Thursday, August 30, 2007
Purple Hull Peas and Ham
“What’s all this? Politics, parenting, humor? I thought I was going to get recipes here, Woman.”
Yeah, yeah. It’s a kitchen. Kitchens are places for food, yes, but have you ever noticed that at every gathering, people always end up in the kitchen? It’s a place where life happens, this kitchen, the place where we are all instinctively drawn to share that life together. Like family. So, pull up a chair, kick off your shoes and have a cup of coffee or a glass of wine depending on when you arrived here. You can even help cook if you want. You are family now, afterall.
Because we do food around here. Lots of food. Lately, you can sit at the table and help shell some peas while we chat. I have just discovered the joy of fresh-shelled peas and beans. I sat up alone one night (where were you?) and shelled a pound of purple hull peas. I thought, this must have been a great excuse to just sit and talk, this pea shelling thing. It doesn’t get in the way of talking, and you are forced to just “set a few” and be together. Why don’t we have those kinds of activities anymore? Oh yeah, TV. Damn that infernal box. I think we will just leave it off and shell peas.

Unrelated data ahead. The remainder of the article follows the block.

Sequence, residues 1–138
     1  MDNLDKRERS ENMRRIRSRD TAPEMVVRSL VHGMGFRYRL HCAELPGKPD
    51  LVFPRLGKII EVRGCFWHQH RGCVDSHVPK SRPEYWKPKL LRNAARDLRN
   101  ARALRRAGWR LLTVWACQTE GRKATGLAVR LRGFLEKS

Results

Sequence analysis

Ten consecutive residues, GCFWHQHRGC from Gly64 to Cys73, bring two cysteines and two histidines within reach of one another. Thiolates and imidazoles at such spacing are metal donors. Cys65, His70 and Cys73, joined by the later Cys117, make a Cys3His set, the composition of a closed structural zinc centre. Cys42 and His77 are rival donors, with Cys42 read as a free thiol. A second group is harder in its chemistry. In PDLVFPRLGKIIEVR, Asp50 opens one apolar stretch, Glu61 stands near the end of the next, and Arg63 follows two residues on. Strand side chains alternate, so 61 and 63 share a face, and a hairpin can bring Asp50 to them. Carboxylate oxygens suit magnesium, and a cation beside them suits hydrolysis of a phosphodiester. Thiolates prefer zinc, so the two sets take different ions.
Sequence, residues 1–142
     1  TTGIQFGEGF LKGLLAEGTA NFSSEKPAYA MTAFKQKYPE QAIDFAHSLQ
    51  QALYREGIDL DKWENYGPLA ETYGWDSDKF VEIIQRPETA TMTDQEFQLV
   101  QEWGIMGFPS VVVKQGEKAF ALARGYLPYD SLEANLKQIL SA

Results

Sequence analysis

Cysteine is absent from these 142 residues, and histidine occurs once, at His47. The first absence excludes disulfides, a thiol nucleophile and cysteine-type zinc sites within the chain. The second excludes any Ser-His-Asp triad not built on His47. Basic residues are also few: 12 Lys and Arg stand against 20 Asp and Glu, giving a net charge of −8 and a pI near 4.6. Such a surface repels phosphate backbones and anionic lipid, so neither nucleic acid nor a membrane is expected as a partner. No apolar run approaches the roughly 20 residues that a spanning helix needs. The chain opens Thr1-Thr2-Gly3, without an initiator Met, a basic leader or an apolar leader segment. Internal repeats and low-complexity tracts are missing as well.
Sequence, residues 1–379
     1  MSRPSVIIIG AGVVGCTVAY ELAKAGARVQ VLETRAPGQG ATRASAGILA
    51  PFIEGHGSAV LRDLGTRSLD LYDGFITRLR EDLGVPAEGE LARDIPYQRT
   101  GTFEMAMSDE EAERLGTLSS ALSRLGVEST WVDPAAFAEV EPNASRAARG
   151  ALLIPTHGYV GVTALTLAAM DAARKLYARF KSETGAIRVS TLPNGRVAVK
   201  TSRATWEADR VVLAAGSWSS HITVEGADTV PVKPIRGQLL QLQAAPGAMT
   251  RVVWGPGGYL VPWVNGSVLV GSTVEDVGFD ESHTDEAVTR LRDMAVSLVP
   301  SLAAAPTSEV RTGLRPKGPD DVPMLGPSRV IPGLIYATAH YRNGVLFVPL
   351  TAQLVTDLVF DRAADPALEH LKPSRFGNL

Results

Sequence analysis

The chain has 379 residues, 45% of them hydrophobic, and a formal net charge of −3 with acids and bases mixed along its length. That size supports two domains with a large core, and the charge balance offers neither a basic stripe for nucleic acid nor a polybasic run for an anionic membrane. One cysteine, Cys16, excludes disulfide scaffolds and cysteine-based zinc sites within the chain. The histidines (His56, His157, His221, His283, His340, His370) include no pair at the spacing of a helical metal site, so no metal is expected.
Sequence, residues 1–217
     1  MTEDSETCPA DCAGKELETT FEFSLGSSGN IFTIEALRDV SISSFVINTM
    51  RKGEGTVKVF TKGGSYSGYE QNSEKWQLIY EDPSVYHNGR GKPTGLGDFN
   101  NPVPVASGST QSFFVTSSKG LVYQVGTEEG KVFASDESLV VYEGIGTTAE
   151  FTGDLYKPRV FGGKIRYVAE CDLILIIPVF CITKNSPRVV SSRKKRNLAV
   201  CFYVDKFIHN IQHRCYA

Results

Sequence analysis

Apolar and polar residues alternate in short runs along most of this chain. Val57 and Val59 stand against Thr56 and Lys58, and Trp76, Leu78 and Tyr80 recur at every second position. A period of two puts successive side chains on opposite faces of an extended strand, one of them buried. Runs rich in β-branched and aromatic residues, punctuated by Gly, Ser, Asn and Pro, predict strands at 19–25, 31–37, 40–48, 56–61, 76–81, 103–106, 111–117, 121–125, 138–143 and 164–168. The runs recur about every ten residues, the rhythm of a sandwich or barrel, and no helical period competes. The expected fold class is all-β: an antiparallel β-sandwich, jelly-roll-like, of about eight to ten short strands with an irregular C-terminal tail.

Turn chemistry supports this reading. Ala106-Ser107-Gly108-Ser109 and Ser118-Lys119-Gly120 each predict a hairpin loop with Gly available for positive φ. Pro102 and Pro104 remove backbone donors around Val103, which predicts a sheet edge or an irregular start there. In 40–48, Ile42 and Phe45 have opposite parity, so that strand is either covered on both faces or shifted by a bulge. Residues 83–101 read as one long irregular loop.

I picked up the purple hull peas on impulse. I had no idea what they were. I just wanted to know if fresh shell peas (beans) tasted substantially better than dried ones. Turns out, the purple hulls are in the same family as southern peas like black-eyed peas and crowder peas. They are thought to have originated in Africa and to have arrived here with the slave trade. Purple hulls are said to be the tastiest of the “southern peas” as well. I was surprised to find out there is an entire Purple Hull Pea Festival held in June, and as the web site describes it (http://www.purplehull.com/growingpeas.htm):
“For most of us who were raised in this area, growing purple hull peas is sort of second nature. We've been doing it since we were youngun's, and it's sort of like learning to spotlight deer - you never really forget.”
Definitely southern. So, I reached deep in my own rural roots and ruminated a bit on what to do with my freshly-shelled peas and could only figure on one dish. It needed to be basic soul food, a real comfort dish. Something involving parts of animals not normally used by most of us post-megamart with its gleaming pre-packaged, watered and additive-added ham steaks. Something more like “hog jowl” or “ham hock.” Yeah.
Purple Hull Peas and Ham
Looking for this recipe? It will be part of an upcoming book with Ali at Cleaner Plate Club.
This turned out so well that people at work were following me down the hall to find out what my lunch was. The Kiddo took a couple dainty bites, then dived in like I’d starved her for a week. Comfort food works that way. There were no leftovers to photograph.